When Robert E. Lee surrendered at the Appomattox Court House in 1865, Henry Slaughter was there. A former slave from Lexington, Kentucky who had enlisted in the Union Army to gain his freedom, Slaughter was part of the 116th Regiment of the United States Colored Troops, Company K. About six months after his enlistment, the rest of his family was freed from slavery. Many years later, around 1918, the widower moved to Chicago with several of his children.
With Slaughter that fateful day at Appomattox was another African American regiment, from his future home state. The 29th Illinois was organized in 1864 and had 1,811 men on its roster, though probably only about half of them were actually from Illinois. Black Chicagoans who enlisted in the 29th were recruited at the downtown store of John Jones, “the most successful and highly publicized African American entrepreneur” in Chicago at the time, according to Slaughter’s great-grandson Christopher R. Reed. Reed is an eminent historian who taught at Roosevelt University from 1987 to 2009, and who has written numerous books on the history of Black Chicago.
John Jones was a tailor whose estimated worth grew from around $10,000 in 1860 to between 85 and 100 thousand dollars in 1871. In 1872 he became the first African American to be elected to a municipal office in Illinois, serving two terms as a Cook County commissioner. During and before the Civil War, he led the legal fight to repeal the Illinois Black Code.
Enacted in 1818, this was a set of laws patterned on legislation in other Northern states that restricted and regulated the African American population. Under the Code, a black man could not serve on a jury, vote, or provide testimony against whites in court; in a particularly egregious case, a well-known black barber was pickpocketed by a white man but was forbidden under the law from testifying against the thief in court. (This story and all the information in this article comes from Christopher R. Reed’s Black Chicago’s First Century, Volume 1, 1833-1900, a soon-to-be-published article about African American entrepreneurship in Chicago, and conversation with Dr. Reed.)
On March 3, 1865, the Illinois Black Code was finally repealed. Even before its repeal, Chicago was viewed as “a haven for the fugitive from oppression,” according to Reed, though it was an imperfect haven. The city was a Republican, pro-Lincoln stronghold with a prominent but small group of abolitionists whose press organ was the increasingly popular Chicago Tribune.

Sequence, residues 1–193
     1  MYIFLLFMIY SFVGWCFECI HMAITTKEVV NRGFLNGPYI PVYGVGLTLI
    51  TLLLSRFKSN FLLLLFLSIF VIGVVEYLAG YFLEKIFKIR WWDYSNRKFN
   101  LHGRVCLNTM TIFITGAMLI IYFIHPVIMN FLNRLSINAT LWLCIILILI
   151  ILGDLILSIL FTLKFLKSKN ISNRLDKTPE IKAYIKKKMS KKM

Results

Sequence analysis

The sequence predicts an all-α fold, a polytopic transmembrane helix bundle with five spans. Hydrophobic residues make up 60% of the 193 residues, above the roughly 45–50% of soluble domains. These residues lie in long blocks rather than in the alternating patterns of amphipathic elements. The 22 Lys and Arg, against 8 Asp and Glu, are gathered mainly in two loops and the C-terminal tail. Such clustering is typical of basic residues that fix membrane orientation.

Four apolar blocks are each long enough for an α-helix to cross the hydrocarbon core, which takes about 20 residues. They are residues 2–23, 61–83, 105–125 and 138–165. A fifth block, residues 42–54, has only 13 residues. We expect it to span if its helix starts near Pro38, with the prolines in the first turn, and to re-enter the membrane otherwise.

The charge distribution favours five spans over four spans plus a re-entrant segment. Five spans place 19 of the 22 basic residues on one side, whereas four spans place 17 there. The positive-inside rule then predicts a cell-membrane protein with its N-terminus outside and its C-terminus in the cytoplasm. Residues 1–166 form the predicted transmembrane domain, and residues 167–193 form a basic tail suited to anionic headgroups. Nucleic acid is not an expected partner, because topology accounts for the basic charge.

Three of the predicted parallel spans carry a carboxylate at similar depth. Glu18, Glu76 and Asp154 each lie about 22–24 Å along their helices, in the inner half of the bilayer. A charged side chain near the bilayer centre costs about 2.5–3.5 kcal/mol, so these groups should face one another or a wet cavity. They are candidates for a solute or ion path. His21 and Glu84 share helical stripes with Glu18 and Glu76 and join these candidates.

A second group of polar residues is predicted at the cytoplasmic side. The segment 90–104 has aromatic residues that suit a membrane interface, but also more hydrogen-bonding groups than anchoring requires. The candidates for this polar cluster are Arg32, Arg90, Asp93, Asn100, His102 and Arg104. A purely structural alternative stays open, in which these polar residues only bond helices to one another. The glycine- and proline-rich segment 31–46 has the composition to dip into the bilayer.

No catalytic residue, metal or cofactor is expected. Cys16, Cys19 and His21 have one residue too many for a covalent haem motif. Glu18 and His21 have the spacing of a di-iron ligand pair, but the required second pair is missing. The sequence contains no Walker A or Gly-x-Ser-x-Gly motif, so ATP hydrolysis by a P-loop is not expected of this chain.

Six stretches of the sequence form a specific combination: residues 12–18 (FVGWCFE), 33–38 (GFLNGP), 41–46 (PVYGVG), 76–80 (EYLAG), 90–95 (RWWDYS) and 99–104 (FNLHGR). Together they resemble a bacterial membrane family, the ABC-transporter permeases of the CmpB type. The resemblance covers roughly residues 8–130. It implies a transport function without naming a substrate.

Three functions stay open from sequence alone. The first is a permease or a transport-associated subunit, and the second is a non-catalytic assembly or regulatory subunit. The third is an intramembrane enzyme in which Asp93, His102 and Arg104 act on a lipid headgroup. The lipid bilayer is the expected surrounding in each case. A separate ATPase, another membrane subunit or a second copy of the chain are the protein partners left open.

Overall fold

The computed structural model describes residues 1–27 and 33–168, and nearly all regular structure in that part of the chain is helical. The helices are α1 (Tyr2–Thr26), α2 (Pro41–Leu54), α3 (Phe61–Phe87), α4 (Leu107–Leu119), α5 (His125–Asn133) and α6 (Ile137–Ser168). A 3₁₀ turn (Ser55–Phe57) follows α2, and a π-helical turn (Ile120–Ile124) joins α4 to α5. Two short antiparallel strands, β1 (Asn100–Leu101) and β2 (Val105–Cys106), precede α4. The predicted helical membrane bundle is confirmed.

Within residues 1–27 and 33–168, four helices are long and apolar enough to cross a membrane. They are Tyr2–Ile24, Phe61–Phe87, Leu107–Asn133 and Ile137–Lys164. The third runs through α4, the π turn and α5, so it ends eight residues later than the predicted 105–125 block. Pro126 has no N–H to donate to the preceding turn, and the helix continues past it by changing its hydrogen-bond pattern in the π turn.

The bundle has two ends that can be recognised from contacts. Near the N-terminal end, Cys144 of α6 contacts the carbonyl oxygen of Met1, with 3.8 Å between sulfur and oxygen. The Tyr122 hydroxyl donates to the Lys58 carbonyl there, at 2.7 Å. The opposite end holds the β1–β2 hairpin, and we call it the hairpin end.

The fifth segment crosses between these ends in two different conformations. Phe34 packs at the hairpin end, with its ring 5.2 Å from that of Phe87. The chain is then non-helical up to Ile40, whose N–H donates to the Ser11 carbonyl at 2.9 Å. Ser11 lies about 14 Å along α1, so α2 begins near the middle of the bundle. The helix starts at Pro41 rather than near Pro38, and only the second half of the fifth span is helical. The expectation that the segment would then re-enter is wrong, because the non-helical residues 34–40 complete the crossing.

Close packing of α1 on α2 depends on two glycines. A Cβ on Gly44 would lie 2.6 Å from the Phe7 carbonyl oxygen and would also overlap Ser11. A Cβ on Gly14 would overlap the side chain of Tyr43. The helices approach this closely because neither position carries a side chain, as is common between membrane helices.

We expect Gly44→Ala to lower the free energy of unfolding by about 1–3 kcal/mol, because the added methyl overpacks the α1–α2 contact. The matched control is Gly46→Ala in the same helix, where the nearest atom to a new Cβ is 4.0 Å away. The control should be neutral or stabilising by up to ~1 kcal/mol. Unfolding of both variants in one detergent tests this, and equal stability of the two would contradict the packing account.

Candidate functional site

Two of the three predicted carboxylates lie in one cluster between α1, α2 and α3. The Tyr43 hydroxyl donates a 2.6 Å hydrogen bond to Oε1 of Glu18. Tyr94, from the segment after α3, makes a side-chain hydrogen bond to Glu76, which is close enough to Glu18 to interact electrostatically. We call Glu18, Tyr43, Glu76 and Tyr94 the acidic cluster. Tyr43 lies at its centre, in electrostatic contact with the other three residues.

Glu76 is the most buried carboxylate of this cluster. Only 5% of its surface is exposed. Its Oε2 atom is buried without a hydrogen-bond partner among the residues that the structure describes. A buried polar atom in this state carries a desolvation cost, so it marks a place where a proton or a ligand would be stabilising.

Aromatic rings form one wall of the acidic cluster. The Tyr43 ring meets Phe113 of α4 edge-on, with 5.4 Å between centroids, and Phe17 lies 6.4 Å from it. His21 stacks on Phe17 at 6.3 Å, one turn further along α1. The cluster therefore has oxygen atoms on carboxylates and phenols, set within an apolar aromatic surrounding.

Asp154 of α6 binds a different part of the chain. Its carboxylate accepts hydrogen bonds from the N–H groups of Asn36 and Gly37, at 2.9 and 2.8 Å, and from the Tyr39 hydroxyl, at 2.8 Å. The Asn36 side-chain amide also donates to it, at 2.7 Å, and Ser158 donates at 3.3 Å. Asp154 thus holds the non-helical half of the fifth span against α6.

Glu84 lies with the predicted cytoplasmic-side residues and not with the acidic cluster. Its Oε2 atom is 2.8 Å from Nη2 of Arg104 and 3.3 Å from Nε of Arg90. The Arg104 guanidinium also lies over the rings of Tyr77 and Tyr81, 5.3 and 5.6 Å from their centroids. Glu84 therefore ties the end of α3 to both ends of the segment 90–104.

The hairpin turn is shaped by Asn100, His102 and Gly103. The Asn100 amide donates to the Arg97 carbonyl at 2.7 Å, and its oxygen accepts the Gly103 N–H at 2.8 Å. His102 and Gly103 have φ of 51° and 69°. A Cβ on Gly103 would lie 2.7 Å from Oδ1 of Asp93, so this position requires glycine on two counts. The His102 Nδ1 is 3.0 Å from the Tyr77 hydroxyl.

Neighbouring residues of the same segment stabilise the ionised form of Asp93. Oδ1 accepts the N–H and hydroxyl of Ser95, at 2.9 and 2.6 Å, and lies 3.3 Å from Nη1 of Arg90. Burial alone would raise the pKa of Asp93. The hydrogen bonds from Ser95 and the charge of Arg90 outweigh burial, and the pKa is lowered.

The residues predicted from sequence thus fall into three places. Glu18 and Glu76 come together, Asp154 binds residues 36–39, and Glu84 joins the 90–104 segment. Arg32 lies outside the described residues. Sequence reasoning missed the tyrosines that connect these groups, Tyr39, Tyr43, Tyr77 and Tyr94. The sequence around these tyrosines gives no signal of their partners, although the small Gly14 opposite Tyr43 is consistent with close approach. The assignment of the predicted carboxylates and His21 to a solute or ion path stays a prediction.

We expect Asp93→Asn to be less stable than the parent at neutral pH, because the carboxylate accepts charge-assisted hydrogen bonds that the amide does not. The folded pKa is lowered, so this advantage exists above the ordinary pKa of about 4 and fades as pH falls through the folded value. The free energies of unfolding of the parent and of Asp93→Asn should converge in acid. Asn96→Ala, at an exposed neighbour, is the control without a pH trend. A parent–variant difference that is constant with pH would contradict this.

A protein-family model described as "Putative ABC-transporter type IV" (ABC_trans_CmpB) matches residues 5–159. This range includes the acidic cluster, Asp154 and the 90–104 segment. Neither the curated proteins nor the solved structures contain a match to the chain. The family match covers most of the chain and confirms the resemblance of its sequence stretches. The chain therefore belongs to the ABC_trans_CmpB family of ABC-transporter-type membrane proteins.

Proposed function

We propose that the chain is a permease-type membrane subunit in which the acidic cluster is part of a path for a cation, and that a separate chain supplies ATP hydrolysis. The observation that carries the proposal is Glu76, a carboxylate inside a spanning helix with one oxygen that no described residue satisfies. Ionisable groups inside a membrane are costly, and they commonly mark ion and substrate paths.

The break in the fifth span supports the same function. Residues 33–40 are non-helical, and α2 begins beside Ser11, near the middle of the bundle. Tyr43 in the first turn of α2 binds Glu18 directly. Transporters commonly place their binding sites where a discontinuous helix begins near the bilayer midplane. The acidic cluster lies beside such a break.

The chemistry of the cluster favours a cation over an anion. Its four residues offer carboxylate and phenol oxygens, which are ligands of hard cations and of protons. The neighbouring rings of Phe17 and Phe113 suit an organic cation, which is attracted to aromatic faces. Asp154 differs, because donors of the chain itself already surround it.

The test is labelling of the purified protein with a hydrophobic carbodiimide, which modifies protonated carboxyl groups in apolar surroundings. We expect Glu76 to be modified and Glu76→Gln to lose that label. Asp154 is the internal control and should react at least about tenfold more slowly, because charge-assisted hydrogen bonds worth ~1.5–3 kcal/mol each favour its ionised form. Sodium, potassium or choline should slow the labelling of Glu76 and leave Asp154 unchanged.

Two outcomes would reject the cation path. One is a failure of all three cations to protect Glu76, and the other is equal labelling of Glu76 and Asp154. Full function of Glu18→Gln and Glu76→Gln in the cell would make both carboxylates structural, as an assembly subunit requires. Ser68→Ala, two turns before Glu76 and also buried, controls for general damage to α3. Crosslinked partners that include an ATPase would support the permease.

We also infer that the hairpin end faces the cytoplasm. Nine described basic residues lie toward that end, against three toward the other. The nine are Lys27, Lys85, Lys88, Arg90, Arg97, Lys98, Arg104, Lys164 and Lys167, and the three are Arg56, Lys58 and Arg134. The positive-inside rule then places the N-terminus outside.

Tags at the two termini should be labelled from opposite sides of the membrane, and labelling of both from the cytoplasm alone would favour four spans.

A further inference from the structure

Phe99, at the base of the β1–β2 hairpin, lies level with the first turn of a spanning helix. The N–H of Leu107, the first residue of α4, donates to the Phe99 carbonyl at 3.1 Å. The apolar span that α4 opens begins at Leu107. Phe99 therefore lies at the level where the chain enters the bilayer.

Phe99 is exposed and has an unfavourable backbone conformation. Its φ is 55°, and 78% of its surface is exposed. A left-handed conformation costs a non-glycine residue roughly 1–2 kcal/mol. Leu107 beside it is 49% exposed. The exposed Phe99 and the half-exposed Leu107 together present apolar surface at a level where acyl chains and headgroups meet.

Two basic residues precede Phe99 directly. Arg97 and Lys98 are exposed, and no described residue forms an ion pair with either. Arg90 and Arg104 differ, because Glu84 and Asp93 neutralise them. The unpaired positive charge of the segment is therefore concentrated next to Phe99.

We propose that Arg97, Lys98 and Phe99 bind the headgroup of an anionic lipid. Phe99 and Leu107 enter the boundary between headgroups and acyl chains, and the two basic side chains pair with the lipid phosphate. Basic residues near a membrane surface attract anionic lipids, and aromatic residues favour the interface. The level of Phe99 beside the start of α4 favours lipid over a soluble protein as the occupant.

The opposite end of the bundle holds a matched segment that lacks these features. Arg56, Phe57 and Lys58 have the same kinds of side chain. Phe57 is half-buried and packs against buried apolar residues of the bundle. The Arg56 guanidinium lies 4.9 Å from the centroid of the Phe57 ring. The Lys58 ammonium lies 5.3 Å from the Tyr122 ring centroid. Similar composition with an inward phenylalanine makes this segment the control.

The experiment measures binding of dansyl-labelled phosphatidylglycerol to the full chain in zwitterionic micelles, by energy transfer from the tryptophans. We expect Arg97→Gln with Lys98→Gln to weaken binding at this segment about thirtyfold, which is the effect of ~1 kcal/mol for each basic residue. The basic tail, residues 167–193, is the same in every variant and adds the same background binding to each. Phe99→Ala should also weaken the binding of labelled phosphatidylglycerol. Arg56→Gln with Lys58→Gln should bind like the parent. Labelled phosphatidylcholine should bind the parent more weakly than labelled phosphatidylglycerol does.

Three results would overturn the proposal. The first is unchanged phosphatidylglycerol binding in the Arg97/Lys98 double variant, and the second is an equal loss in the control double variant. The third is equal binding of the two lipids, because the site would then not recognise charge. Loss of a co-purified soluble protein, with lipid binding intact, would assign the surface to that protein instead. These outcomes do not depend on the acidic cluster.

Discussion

Chicago’s reputation drew an estimated 20 African American refugees of slavery per day at the height of the Civil War. By 1870, Chicago’s black population reached 3,691 people, an increase of more than 600% from 1860. The refugees faced impoverishment and disease in Chicago, but many did find work as menial laborers. Unfortunately, white laborers, especially Irish dock workers, felt threatened by the influx of black labor, and race riots erupted in 1862 and 1864, and an African American man was killed out of hate in 1863.
Additionally, Chicago did house a Democratic, anti-black newspaper, the Chicago Times. And when Democrats won the mayoralty midway through the war, they set up a segregated school that was quickly shuttered in 1865. But because of her race, a hard-working mulatto girl was denied a diploma upon completion of school during the war.
Despite these obstacles, Black Chicago enjoyed an improved social status during and after the war. In addition to the influx of refugees, a second generation of black Chicagoans was beginning: the children of families who secured freedom before the war and moved to the city.
A black professional class began to emerge. Richard Mason Hancock worked his way up to become a journeyman in a foundry, supervising white men. A Dr. Hutchinson was the first African American physician in the city, while James H. Lewis was the first dentist. Both amassed substantial fortunes from their practice. And an African American owned a restaurant on the West Side.
The church especially developed during the war. Two small Baptist churches merged to become the large and influential Olivet Baptist Church, while African Americans on the city’s West Side founded Providence Baptist. Quinn Chapel A.M.E., the city’s oldest African American church, grew so much it faced overcrowding, leading to the founding of Bethel A.M.E.
Such community-building and entrepreneurial effort only continued after the war, so that when Henry Slaughter arrived in Chicago in 1918, he encountered the beginnings of a “Black Metropolis.” When he died, he was symbolically interred in Lincoln Cemetery, a fitting tribute to a proud veteran of the Civil War.
Observe the valiant lives of African Americans as well as the deplorable conditions of camps for freed slaves in Alexandria, Virginia during the Civil War in the PBS original drama Mercy Street, airing and available to stream Sundays at 7:00 pm beginning January 22.